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Genetics Questions about Designer Project **Parti Girls** (now defunct) (Chanties, Buckeyes, NHs, SS, Wyandotte, etc)

post #1 of 7
Thread Starter 

Long story short. Planned breeding project to make winterized (small combs and wattles), predator savvy, camouflaged, longevity, foraging, productive, every one different, etc.  I was not trying to make a breed that looked alike because I wanted to be able to tell them all apart so that I could stop banding.  Started 2009.  I counted eggs before picking the hens I chose to use as breeders.  I bred from hens that were 2 years old and laying through winter without heat or light, tough, free-ranging, smart hens, and good natured, alert cocks, etc., etc., etc. 

 

Purposely selected breeds:  White Chantecler (breeder), Buckeye (breeder), New Hampshire (Newcomer), Buff Wyandotte (breeder), Speckled Sussex (hatchery), Kraienkoeppe (refined, early hatchery), Golden Campine (crazy excellent winter layer, no lights & no heat--hatchery).

 

I called it my Parti Girls project. 

 

First cross with the White Chantecler and I got this:

I still have him!

Of course, I retain copyright on abov photo and any others I post. 2015 Copyright Spangled.

(Notice the white tip on the black tail feather!  Usually indicated mottling.)

 

I have had a few like him since, one was a deep mahogany in the red parts.  The first pairing was a pure White Chantecler with a Speckled Sussex and a New Hampshire (That's who was in the breeding pen.  3 chickens only.)  I don't know who the dam was--either a 2 year old NH or a 2 year old SS.  Of course, the White Chantecler are a composite breed, which could give me the mottling through the White Leghorn.  My batch of White Chanteclers had some weird stuff covered by the recessive white.  I got what appears to be B(sd), which is barring with sexual dilution.  So I get this odd gray barring; the black has been diluted.  I am also getting buff barring since I have mixed in Pheomelanin with the NH, Buckeyes, etc., so the red is also being diluted at times.   I belive that my White Chanteclers were E^R/eb or similar) and not E/E since from the first crossings I never once got a completely black bird, not once.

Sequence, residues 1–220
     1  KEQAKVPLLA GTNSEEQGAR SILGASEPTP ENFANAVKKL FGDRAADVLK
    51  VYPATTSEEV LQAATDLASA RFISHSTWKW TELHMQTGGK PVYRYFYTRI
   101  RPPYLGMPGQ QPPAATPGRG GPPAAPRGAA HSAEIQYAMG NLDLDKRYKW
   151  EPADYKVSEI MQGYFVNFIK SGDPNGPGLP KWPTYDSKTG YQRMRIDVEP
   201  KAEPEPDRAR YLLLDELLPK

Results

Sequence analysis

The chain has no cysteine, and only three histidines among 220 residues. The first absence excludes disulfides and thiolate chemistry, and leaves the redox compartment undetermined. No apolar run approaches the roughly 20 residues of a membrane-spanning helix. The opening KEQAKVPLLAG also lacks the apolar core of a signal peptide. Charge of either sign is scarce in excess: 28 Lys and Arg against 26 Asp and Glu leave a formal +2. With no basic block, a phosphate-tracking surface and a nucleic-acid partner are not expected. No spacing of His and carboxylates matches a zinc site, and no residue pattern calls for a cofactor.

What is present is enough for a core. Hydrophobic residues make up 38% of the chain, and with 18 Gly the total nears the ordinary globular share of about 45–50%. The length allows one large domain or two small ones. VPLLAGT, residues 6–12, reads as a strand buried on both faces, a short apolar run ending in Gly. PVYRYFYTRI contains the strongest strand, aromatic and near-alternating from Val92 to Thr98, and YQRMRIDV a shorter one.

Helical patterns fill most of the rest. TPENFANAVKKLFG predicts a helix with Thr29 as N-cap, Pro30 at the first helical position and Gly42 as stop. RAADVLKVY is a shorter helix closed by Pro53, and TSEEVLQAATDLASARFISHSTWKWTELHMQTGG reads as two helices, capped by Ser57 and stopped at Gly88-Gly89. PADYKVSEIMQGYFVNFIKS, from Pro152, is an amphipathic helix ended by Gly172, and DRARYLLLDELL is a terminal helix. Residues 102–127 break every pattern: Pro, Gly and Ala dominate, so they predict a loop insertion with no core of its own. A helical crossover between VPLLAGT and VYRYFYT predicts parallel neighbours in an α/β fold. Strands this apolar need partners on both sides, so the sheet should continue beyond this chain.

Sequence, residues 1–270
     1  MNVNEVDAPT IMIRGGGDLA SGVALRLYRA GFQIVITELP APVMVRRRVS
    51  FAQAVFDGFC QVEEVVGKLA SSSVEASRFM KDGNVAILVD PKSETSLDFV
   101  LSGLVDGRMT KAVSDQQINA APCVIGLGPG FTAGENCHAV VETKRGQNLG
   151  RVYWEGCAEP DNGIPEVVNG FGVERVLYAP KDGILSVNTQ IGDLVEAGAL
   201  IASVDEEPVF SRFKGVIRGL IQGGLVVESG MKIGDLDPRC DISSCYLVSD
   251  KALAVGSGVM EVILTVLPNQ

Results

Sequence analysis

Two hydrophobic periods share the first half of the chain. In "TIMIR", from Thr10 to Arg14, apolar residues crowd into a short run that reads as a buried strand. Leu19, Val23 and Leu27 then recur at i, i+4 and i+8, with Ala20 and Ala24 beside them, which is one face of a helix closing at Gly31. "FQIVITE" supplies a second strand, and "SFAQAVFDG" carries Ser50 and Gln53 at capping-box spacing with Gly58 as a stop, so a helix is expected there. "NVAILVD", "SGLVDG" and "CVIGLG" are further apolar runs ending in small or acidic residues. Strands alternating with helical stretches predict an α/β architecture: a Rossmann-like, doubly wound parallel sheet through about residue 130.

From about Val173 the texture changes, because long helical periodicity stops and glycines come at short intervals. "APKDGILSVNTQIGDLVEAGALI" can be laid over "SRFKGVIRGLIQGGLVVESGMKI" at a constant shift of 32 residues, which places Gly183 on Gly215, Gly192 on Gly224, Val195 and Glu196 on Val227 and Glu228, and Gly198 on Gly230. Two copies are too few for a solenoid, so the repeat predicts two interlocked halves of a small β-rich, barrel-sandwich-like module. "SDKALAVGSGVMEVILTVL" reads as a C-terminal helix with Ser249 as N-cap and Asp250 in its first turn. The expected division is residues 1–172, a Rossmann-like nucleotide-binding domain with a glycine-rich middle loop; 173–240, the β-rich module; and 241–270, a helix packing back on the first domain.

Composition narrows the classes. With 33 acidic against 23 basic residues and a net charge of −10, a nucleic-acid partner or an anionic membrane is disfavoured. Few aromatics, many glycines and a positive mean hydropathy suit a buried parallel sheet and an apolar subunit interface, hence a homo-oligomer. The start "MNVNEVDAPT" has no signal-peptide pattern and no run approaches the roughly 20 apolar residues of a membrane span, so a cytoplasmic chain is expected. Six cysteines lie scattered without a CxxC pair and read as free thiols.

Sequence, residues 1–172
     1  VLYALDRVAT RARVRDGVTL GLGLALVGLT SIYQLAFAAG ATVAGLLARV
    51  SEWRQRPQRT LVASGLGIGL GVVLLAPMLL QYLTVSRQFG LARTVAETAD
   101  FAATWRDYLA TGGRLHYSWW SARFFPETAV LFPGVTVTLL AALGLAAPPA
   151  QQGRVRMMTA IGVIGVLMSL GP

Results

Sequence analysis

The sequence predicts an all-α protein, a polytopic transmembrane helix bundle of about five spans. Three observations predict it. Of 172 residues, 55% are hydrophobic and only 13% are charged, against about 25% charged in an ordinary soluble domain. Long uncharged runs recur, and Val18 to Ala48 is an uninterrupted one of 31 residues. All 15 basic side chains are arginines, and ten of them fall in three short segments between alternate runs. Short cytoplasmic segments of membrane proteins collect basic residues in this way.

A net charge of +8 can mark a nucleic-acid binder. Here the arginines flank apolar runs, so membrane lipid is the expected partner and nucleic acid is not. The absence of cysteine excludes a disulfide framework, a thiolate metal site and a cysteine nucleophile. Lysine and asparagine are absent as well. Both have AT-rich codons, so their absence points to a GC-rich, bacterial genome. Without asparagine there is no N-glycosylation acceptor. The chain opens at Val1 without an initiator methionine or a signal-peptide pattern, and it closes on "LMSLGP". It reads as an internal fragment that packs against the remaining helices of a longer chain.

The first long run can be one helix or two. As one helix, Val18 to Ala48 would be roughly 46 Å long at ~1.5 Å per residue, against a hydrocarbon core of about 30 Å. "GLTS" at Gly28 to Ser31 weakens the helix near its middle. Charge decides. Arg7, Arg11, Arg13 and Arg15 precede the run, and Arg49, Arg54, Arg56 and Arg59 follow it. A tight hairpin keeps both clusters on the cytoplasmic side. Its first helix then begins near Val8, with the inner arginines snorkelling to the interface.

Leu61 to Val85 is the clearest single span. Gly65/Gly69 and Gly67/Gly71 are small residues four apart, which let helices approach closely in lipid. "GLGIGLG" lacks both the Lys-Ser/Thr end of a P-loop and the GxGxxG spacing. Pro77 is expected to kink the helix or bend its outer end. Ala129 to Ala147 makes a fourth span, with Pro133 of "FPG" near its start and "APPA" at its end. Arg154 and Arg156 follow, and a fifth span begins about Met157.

I also am getting what looks like mottling ... possibly hysterical because the mottling is splotchy many times.

 

I would like to think that I have a hetero dominant white (I/i) issue, but the genetics won't work like dominant white when I do the breedings.  Usually with dominant white, the red won't bleed through, on this level anyway, and usually it's in the pyle areas.  Also the percentages don't line up.

 

I'd like to think it's a Silver-Golden-Gold issue, but I am not sure that I can chalk all these colors up to that.  Is there anyone that could rule out Silver bleed-through by asking me some questions?  Or can you tell it's because Silver bleed-through just by looking at him?

 

Anyway, I also get some really pretty laced-looking hens that are white with gray lacing.  Would Silver allow for that???  The Pg from the Campines is showing up in this situation.  The pattern gene was a planned addition when I added the Golden Campines because I wanted all the chickens to look different and be camouflaged, but the gray/blue is a surprise.